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Rosh haShana

September 16, 2012

ImageRosh haShana is the New Year. This year we go from the year 5772 to year 5773 since the creation of the world. The command to keep this holiday is from Leviticus 23: “Speak unto the children of Israel, saying, In the seventh month, in the first day of the month, shall ye have a sabbath, a memorial of blowing of trumpets, an holy convocation.”

 

How is it the seventh month but also the new year? Because agriculturally, there’s a new year in spring and also in the fall. The fact that this was also known as a new year is clear from Deutronomy 31:10, where the Feast of tabernacles, that is on the 15th of this month, is described as a feast celebrated “in the solemnity of the year of release”. There are more similar examples.

 

The only command we see about the holiday is that it is to be a “blowing of trumpets”. This is the feast related to in Psalm 81: “Blow up the trumpet in the new moon, in the time appointed, on our solemn feast day.” Rosh haShana is indeed the only holiday celebrated on the New moon. What does this trumpet represent?

 

-Warning for war, and also a cry of victory – Joshua and Gideon for example

-Crowning of the king, as we can see in 2Sam6:15, 2Sam15:10, Psalm 150:3, Matthew 24:30-31, 1Thess4:16 and Rev 11:15.

-Making of a covenant – as on Mount Sinai (Exodus 19) and also with the second coming

-Judgement – Isaiah 58:1, Psalm 98, Nehemia 8:1-12, Numbers 29:1-6

 

The Torah reading this holiday is in Genesis 21, about the offering of Isaac. This is a clear symbol of the Messiah, the way the ram was offered instead of Isaac, just as the Messiah was offered for us. The ram’s horn is what is used to make the shofar horn – the trumpet used in Rosh haShana! Another amazing reading is Jeremiah 31 – the New covenant!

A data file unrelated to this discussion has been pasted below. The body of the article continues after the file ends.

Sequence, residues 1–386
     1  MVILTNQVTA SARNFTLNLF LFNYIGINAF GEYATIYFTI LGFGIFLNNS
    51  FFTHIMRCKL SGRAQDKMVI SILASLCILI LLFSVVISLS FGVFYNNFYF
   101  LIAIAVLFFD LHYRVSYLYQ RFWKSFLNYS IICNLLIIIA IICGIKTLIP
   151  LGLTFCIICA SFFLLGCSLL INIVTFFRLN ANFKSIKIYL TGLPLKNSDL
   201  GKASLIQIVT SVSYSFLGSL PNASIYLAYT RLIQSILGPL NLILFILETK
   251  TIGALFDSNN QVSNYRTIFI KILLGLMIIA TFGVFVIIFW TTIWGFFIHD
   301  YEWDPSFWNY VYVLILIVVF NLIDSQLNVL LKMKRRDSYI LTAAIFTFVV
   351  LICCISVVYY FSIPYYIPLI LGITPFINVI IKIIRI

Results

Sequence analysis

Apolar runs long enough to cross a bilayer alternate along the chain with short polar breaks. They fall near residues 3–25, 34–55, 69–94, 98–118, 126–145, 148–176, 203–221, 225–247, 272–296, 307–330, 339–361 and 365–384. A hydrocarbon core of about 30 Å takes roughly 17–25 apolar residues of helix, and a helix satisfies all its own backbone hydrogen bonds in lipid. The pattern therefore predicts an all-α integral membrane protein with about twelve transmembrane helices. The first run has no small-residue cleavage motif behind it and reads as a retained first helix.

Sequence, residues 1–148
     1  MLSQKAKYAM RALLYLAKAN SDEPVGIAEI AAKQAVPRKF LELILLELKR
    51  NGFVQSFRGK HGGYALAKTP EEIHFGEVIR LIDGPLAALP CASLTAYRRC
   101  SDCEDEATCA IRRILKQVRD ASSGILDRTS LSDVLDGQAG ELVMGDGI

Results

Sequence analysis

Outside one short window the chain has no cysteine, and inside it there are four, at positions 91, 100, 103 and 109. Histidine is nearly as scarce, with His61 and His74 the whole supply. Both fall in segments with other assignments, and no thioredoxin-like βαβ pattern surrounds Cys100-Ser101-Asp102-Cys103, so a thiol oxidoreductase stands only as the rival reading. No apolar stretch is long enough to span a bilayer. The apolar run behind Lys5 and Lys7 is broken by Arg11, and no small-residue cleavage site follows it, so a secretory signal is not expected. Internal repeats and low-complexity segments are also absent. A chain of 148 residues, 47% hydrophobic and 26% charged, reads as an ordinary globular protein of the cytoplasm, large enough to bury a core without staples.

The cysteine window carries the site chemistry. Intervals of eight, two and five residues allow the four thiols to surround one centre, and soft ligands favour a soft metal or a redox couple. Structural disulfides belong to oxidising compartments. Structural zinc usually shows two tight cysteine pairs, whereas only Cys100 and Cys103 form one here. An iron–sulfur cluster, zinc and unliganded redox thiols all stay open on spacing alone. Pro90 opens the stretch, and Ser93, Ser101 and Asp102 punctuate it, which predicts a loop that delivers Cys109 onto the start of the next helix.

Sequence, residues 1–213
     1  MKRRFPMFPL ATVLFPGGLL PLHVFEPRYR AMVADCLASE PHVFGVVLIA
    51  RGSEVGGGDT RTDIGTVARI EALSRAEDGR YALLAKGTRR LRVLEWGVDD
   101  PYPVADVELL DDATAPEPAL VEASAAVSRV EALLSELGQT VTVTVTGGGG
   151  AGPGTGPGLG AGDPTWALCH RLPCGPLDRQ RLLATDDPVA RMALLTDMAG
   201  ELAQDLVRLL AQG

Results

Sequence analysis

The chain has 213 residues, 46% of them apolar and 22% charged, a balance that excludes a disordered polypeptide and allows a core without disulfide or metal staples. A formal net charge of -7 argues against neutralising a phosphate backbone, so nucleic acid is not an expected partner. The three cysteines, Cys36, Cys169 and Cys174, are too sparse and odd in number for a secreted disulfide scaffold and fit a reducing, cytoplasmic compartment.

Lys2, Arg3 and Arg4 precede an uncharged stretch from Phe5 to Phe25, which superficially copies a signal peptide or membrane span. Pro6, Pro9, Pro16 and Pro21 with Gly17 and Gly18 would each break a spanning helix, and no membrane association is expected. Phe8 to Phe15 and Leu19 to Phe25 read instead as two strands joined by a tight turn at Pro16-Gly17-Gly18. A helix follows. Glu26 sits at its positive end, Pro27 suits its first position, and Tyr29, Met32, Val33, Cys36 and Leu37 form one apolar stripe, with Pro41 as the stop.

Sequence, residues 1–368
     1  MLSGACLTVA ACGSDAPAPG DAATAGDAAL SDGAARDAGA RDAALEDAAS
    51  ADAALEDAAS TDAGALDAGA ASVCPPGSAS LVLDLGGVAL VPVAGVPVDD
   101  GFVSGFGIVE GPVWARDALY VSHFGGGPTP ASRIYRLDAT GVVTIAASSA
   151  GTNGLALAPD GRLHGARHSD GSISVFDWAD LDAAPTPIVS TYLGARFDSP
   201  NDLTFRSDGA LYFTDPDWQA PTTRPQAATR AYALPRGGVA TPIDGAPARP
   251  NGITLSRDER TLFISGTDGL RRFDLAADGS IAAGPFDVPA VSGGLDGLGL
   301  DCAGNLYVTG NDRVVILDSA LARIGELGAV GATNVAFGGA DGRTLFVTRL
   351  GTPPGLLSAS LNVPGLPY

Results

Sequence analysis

So on this day we celebrate the Messiah! We will hear the Shofar when he comes from heaven, as the scriptures tells us. It is connected to Yeshuas victory, it is his crowning to King of the world, it’s the making of the new covenant with the entire world, and it brings his judgement on the world. It is not a coincidence that Yom Kippur – the day of atonement – is only 10 days after Rosh haShana.

 

Why is it called “a memorial of blowing of trumpets”? Because the trumpet will also remind us of our sins, and our need of a redeemer. It will remind us of our salvation and our need to look forward to the day we will hear the trumpet from above, at the second coming. Many believe that Rosh haShana is the day on which the second coming will occur. Whether this is true or not we will only know then, but it’s definitelly a good time of the year to remind ourselves of that future day, and to always be ready for it.

 

A common custom on Rosh haShana is to eat apples dipped in honey, to have a “Sweet and Happy New Year”. We can tie this to the last verse in Psalm 81 “with honey out of the rock should I have satisfied thee”.

 

NT verses connected to Rosh haShana: Matthew 24:29-31, 1Cor 15:51-52, 1Thes 4:16-17, Rev 10:7, 11:15

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